Culture: Dr. Ellen Brehob's International Service Learning Program trip to Croatia

Ellen BrehobEvery year, the University offers students the opportunity to participate in the International Service Learning Program, an interdisciplinary exercise in experiential education. Students are afforded the chance to travel to a number of countries, including Botswana and the Phillipines, experiences which allow for intercultural exchange and a chance to work with outside disciplines.

Mechanical Engineering Dr. Ellen Brehob serves as the academic representative of the Speed School for Croatia, a country situated in Eastern Europe near the Adriatic Sea. With two decades of service under her belt, Brehob sees the program first and foremost as immersion in to new experiences.

“I think that Croatia is different because it’s not a third world country. They have good food, good teeth. The program is a little different. I think you go because you want to do something good. But it’s not like we’re going to give them good drinking water, it’s more a cultural exchange,” says Brehob.

The Croatian program is relatively new, having developed over approximately the last six years. A former Communist state, Croatia endured a grueling civil war in the early-90s, which they have since recovered. That was part of the discussion as the Croatia program developed.

Brehob explains, “What they wanted was conflict resolution and how to keep peace, and we haven’t really met that.”

A multi-disciplinary program, engineering students work along with communications and nursing students to help assemble a program that they can take to Croatian high school students.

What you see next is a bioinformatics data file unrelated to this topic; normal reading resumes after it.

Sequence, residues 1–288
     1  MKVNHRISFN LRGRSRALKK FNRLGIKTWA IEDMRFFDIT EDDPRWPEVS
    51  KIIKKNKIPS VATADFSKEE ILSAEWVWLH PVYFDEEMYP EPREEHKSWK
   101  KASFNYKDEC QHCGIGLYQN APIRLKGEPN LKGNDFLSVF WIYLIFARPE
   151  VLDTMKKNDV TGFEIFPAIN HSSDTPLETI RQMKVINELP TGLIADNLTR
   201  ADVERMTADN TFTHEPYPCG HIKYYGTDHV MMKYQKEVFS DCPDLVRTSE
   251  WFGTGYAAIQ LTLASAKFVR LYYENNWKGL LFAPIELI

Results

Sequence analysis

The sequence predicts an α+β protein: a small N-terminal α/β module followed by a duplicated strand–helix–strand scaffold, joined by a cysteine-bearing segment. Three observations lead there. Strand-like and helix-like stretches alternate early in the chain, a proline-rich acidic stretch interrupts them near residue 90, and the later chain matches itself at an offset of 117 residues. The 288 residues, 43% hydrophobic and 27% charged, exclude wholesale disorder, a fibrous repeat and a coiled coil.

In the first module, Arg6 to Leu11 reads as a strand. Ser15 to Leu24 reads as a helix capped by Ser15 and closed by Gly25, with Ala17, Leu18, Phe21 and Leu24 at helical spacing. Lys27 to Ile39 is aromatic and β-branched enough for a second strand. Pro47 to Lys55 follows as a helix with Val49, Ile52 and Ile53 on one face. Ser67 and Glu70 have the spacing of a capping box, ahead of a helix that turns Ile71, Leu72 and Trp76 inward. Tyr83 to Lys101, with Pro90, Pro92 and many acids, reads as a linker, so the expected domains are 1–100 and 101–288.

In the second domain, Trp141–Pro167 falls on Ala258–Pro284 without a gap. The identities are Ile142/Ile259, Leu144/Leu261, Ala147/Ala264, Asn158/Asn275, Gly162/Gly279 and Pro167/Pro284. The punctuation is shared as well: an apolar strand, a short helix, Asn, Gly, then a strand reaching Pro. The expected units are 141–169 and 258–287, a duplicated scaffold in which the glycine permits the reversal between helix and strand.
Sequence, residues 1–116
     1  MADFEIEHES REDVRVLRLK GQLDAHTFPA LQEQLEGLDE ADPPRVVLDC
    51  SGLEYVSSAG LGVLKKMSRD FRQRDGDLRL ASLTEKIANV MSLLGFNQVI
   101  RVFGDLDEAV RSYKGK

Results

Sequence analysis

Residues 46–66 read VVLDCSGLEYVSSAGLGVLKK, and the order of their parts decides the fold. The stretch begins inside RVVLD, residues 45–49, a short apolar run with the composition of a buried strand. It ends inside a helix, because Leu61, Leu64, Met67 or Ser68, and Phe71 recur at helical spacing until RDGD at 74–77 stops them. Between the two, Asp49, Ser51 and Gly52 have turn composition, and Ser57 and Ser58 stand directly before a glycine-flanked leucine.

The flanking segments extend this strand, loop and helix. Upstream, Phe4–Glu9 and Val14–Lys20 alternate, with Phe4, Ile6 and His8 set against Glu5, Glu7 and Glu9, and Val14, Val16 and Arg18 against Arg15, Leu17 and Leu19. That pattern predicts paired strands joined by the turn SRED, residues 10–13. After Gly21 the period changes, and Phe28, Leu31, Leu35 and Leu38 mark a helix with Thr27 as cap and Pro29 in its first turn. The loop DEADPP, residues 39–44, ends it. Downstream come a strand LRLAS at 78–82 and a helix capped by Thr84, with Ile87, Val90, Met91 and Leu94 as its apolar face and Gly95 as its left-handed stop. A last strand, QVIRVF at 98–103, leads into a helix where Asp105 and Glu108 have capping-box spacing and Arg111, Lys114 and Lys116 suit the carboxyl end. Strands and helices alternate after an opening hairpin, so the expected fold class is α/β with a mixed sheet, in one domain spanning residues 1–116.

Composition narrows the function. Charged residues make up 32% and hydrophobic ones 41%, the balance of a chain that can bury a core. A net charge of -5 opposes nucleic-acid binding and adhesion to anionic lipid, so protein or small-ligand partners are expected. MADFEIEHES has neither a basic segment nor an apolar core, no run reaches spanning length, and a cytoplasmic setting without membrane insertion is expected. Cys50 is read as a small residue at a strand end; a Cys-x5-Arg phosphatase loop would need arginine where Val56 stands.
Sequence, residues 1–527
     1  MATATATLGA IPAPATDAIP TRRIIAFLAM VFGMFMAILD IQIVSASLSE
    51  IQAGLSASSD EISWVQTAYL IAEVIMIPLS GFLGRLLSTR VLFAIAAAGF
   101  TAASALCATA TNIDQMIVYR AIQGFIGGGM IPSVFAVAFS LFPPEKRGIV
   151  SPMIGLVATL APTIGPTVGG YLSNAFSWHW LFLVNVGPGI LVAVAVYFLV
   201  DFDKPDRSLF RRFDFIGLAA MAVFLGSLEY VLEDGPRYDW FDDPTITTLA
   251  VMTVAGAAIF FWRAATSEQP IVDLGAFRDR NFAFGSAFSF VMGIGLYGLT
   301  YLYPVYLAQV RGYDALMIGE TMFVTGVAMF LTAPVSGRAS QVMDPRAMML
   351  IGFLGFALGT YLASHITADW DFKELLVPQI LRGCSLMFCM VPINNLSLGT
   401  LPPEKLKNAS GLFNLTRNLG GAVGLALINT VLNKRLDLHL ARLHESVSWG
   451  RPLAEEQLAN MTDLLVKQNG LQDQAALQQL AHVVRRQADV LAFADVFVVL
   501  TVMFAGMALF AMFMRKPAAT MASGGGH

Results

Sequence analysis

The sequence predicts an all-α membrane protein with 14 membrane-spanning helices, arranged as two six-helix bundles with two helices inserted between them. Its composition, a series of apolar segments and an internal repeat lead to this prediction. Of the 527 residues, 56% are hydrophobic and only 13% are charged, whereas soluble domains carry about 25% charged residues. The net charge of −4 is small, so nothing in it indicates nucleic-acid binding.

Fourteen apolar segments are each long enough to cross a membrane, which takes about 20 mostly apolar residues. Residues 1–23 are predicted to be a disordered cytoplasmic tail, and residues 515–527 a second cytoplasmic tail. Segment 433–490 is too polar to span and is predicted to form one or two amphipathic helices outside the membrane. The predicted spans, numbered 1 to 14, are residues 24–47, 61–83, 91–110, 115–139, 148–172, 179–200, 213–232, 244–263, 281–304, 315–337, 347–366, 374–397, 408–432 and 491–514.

“Our students see they get to talk with High School students, detailed conversations. What it’s like to live in Croatia, what are their lives like. The Croatian students are really intrigued by Americans. They like talking to UofL students. The Croatian teachers are into it. We go in May,” says Brehob.

She continues adding, “We visit two high schools. One would be like our US high schools. They’re being trained to go to college. They’re learning math, English. The other is technical school. They are not being trained to go to college. That’s vocational. The tie to engineering, we go there and teach them hands on projects.”

Brehob hopes that the students walk away with a fresh perspective on the chances that they are afforded in the United States. Croatian students are often short on career options, and Brehob reports that a majority seek to move out of the country to find employment. Still, she has had a great experience in Croatia and believes that her students have benefitted as well.

“I love that in Croatia, they have a real sense of family. They don’t have as much money, but they have a happy comfortable life. It bothers me to see these kids who, I don’t think they have great job opportunities,” says Brehob.